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Obesity prevention programs and policies: Practitioner and policy-maker perceptions of feasibility and effectiveness

Citation

Cleland, V and McNeilly, B and Crawford, D and Ball, K, Obesity prevention programs and policies: Practitioner and policy-maker perceptions of feasibility and effectiveness, Obesity, 21, (9) pp. E448-E455. ISSN 1930-7381 (2013) [Refereed Article]

Copyright Statement

Copyright 2012 The Obesity Society

DOI: doi:10.1002/oby.20172

Abstract

Objectives The aims of this study were to map obesity prevention activity being implemented by government, non-government, and community-based organizations; to determine practitioner and policy-maker perceptions of the feasibility and effectiveness of a range of evidence-based obesity prevention strategies; and to determine practitioner and policy-maker perceptions of preferred settings for obesity prevention strategies. Design and Methods This study involved a cross-sectional survey of 304 public health practitioners and policy-makers from government, non-government, and community organizations across Victoria, Australia. Participants reported their organizations' current obesity prevention programs and policies, their own perceptions of the feasibility and effectiveness of strategies to prevent obesity and their preferred settings for obesity prevention. Results Thirty-nine percent had an obesity prevention policy, and 92% were implementing obesity prevention programs. The most common programs focused on education, skill-building, and increasing access to healthy eating/physical activity opportunities. School curriculum-based initiatives, social support for physical activity, and family-based programs were considered the most effective strategies, whereas curriculum-based initiatives, active after-school programs, and providing access to and information about physical activity facilities were deemed the most feasible strategies. Schools were generally perceived as the most preferred setting for obesity prevention. Conclusion Many organizations had obesity prevention programs, but far fewer had obesity prevention policies. Current strategies and those considered feasible and effective are often mismatched with the empirical literature. Systems to ensure better alignment between researchers, practitioners, and policy-makers, and identifying effective methods of translating empirical evidence into practice and policy are required. Copyright © 2012 The Obesity Society.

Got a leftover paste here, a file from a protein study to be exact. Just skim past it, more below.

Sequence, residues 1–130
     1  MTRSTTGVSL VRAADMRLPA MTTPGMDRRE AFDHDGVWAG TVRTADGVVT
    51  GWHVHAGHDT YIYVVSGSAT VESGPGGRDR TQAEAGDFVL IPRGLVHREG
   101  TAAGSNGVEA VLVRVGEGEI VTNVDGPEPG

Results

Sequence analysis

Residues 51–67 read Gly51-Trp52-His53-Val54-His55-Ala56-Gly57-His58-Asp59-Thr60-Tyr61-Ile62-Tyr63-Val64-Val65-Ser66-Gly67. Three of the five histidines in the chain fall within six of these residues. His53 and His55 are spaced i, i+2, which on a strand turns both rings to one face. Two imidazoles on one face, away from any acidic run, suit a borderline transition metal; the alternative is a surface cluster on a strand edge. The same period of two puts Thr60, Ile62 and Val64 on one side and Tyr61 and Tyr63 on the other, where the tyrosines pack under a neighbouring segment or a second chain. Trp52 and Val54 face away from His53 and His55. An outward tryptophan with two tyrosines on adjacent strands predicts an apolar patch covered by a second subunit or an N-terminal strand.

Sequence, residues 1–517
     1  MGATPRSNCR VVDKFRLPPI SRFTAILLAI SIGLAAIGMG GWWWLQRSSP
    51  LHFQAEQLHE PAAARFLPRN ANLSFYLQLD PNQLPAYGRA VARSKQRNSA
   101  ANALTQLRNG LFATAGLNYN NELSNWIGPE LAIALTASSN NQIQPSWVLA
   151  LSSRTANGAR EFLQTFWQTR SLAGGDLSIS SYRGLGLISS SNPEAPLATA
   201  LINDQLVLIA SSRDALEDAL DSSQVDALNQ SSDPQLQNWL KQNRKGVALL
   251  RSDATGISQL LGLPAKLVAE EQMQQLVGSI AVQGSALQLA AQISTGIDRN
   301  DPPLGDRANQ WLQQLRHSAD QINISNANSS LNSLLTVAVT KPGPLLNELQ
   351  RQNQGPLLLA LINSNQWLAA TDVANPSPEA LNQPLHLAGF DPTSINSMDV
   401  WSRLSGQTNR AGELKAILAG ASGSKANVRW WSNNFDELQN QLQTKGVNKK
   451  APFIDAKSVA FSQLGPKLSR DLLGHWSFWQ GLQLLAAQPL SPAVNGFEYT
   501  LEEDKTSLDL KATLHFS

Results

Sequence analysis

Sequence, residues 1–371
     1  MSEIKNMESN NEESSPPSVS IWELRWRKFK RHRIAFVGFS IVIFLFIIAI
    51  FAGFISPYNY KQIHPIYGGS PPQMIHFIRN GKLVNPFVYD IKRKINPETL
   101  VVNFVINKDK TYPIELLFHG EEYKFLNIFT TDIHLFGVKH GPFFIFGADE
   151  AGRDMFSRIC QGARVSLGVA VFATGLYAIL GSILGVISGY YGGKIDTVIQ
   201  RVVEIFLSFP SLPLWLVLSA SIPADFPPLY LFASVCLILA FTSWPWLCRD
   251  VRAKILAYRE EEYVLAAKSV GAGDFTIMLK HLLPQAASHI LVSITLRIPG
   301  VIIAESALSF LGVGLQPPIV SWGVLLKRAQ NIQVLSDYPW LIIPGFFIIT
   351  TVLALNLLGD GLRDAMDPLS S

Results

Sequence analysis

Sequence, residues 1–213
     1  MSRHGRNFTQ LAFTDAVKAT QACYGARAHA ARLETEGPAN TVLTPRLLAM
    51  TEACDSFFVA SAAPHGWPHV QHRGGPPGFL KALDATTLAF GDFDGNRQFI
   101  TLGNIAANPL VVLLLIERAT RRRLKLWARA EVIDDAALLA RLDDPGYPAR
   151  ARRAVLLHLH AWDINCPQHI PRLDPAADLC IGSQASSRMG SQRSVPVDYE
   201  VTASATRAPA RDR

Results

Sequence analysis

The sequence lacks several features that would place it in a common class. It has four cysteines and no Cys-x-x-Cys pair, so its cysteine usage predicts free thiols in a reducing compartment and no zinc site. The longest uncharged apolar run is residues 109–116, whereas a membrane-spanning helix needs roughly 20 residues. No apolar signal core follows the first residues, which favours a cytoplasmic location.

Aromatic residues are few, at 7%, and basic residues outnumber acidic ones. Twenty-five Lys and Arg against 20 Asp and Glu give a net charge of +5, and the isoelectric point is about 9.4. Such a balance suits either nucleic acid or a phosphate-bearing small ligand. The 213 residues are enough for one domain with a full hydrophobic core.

Item Details

Item Type:Refereed Article
Research Division:Medical and Health Sciences
Research Group:Public Health and Health Services
Research Field:Epidemiology
Objective Division:Health
Objective Group:Public Health (excl. Specific Population Health)
Objective Field:Behaviour and Health
Author:Cleland, V (Dr Verity Cleland)
ID Code:87067
Year Published:2013
Web of Science® Times Cited:6
Deposited By:Menzies Institute for Medical Research
Deposited On:2013-11-06
Last Modified:2017-11-06
Downloads:0

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